Mr. Michel's War: From Manila to Mukden: an American Navy Officer's War with the Japanese, 1941-1945

Mr. Michel's War: From Manila to Mukden: an American Navy Officer's War with the Japanese, 1941-1945

Mr. Michel's War: From Manila to Mukden: an American Navy Officer's War with the Japanese, 1941-1945

Mr. Michel's War: From Manila to Mukden: an American Navy Officer's War with the Japanese, 1941-1945

Synopsis

The American victory against the Japanese in the Pacific is the backdrop to this account of one man's part in the overall campaign. Written in 1948 but published for the first time, this is the memoir of a survivor of a Japanese P.O.W. camp.

Excerpt

The Philippine Islands were not the worst place to be in the spring of 1941. As a young naval officer assigned to an old four-piper destroyer of the U.S. Asiatic Fleet, I found Manila interesting and enjoyable (between periods of boredom spent training in the southern islands).

Preparations for the inevitable war with Japan were underway. Disposition of fleet units well to the south of Luzon reflected the realization that there would be inadequate air cover in the event of enemy attack. the bombing of Pearl Harbor came as a surprise because the conventional wisdom expected the Philippines to be the initial target. But hostilities were not long in coming. On 10 December 1941, Cavite Navyyard was destroyed in a massive raid by Japanese bombers that attacked almost completely unopposed.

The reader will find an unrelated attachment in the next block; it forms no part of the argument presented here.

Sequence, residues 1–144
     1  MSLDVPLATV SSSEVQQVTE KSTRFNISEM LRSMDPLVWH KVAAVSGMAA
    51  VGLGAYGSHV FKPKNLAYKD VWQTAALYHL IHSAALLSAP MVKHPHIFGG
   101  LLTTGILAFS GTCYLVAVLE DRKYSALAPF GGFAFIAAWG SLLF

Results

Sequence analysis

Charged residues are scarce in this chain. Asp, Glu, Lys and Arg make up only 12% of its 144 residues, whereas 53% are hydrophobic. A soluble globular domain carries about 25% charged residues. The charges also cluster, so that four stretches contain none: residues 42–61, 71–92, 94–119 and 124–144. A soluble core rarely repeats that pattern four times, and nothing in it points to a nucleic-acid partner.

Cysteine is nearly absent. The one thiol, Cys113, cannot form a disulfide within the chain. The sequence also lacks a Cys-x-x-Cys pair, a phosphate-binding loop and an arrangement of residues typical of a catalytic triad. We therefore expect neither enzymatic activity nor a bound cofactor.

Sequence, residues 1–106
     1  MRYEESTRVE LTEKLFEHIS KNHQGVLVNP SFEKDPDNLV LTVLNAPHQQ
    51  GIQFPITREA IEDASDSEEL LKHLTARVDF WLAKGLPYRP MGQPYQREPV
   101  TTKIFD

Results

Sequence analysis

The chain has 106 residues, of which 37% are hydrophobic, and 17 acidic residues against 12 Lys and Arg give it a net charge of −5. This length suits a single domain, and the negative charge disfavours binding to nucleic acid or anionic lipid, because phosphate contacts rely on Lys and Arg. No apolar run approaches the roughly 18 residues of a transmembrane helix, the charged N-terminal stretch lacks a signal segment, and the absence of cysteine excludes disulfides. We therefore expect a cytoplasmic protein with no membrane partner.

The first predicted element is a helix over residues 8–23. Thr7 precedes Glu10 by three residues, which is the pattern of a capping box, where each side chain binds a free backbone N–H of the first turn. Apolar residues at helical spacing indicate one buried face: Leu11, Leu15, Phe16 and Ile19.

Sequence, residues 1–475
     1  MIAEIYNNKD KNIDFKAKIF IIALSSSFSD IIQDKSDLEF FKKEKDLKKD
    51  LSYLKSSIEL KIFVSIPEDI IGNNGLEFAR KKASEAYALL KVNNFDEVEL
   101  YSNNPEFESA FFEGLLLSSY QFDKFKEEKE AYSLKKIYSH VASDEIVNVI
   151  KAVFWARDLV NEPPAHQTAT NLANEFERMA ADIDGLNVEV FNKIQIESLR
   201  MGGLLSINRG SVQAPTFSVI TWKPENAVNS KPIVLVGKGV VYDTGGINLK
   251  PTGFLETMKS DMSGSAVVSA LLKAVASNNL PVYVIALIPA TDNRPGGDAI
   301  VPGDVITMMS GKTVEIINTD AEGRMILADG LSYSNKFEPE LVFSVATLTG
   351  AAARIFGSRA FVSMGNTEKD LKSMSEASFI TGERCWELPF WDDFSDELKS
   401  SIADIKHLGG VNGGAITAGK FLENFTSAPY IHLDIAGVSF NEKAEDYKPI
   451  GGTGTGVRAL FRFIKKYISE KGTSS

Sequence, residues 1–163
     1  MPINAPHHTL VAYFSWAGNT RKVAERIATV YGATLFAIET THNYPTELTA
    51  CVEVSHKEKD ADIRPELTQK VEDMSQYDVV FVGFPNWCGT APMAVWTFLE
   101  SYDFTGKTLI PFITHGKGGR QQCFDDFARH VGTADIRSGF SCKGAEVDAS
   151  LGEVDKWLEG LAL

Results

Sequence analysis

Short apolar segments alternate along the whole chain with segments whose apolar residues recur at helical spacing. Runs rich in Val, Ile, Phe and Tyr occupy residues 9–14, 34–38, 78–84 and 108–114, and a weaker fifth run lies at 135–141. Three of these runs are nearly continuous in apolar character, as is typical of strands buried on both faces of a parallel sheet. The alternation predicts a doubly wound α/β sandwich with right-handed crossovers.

From there on it was a delaying action for the us Asiatic Fleet -- a retreat. It has been said that a retreat is the most difficult operation to accomplish successfully. It calls for aggressive counter attacks in disadvantaged circumstances.

The old four-pipers made those attacks, surprising a better equipped and organized enemy. They hit the Japanese forces in night actions at Balikpapan and near Bali, and finally in the Java Sea.

For me "going to the well" for a third time was unlucky. My ship, uss Pope (DD225), was sunk on 1 March 1942, (in company with hms Exeter and Encounter). After two and a half days in the (fortunately warm) water of the Java Sea the Pope survivors were picked up by a Japanese destroyer. Thus began a captivity that lasted three and a half years.

I was initially taken to camp in Makassar, Celebes. Six months later I was transferred in a group of 1000 POWs to a camp near Nagasaki . . .

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